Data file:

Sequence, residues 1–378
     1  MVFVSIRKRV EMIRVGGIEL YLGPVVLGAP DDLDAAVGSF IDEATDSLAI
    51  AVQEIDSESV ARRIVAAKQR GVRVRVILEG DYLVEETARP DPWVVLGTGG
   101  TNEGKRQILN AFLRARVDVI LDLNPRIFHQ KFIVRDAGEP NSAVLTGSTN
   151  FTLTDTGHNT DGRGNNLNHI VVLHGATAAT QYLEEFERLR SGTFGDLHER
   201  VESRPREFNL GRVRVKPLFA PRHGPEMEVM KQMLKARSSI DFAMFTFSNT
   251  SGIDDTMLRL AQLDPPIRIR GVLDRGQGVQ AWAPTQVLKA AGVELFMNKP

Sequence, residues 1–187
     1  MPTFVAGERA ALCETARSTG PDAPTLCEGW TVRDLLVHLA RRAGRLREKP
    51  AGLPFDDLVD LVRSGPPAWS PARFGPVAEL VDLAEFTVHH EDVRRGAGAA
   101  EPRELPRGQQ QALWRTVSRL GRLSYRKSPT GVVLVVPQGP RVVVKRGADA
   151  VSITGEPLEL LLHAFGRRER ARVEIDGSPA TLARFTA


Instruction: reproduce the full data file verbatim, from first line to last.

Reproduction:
Sequence, residues 1–378
     1  MVFVSIRKRV EMIRVGGIEL YLGPVVLGAP DDLDAAVGSF IDEATDSLAI
    51  AVQEIDSESV ARRIVAAKQR GVRVRVILEG DYLVEETARP DPWVVLGTGG
   101  TNEGKRQILN AFLRARVDVI LDLNPRIFHQ KFIVRDAGEP NSAVLTGSTN
   151  FTLTDTGHNT DGRGNNLNHI VVLHGATAAT QYLEEFERLR SGTFGDLHER
   201  VESRPREFNL GRVRVKPLFA PRHGPEMEVM KQMLKARSSI DFAMFTFSNT
   251  SGIDDTMLRL AQLDPPIRIR GVLDRGQGVQ AWAPTQVLKA AGVELFMNKP

Sequence, residues 1–187
     1  MPTFVAGERA ALCETARSTG PDAPTLCEGW TVRDLLVHLA RRAGRLREKP
    51  AGLPFDDLVD LVRSGPPAWS PARFGPVAEL VDLAEFTVHH EDVRRGAGAA
   101  EPRELPRGQQ QALWRTVSRL GRLSYRKSPT GVVLVVPQGP RVVVKRGADA
   151  VSITGEPLEL LLHAFGRRER ARVEIDGSPA TLARFTA